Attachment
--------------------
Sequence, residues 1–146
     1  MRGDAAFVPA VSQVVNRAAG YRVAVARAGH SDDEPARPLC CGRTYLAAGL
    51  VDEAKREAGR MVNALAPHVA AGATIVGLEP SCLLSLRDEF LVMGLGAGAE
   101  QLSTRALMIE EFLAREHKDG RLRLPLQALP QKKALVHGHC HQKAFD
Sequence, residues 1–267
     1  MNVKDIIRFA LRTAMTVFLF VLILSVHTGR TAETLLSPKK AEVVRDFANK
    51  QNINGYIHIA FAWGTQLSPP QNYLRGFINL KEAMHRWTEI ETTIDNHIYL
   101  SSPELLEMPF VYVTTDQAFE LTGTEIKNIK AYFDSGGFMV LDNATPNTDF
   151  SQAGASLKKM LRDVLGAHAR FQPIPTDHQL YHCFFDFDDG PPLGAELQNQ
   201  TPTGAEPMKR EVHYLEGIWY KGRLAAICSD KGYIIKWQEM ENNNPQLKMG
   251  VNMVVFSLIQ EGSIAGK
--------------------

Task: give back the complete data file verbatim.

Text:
Sequence, residues 1–146
     1  MRGDAAFVPA VSQVVNRAAG YRVAVARAGH SDDEPARPLC CGRTYLAAGL
    51  VDEAKREAGR MVNALAPHVA AGATIVGLEP SCLLSLRDEF LVMGLGAGAE
   101  QLSTRALMIE EFLAREHKDG RLRLPLQALP QKKALVHGHC HQKAFD
Sequence, residues 1–267
     1  MNVKDIIRFA LRTAMTVFLF VLILSVHTGR TAETLLSPKK AEVVRDFANK
    51  QNINGYIHIA FAWGTQLSPP QNYLRGFINL KEAMHRWTEI ETTIDNHIYL
   101  SSPELLEMPF VYVTTDQAFE LTGTEIKNIK AYFDSGGFMV LDNATPNTDF
   151  SQAGASLKKM LRDVLGAHAR FQPIPTDHQL YHCFFDFDDG PPLGAELQNQ
   201  TPTGAEPMKR EVHYLEGIWY KGRLAAICSD KGYIIKWQEM ENNNPQLKMG
   251  VNMVVFSLIQ EGSIAGK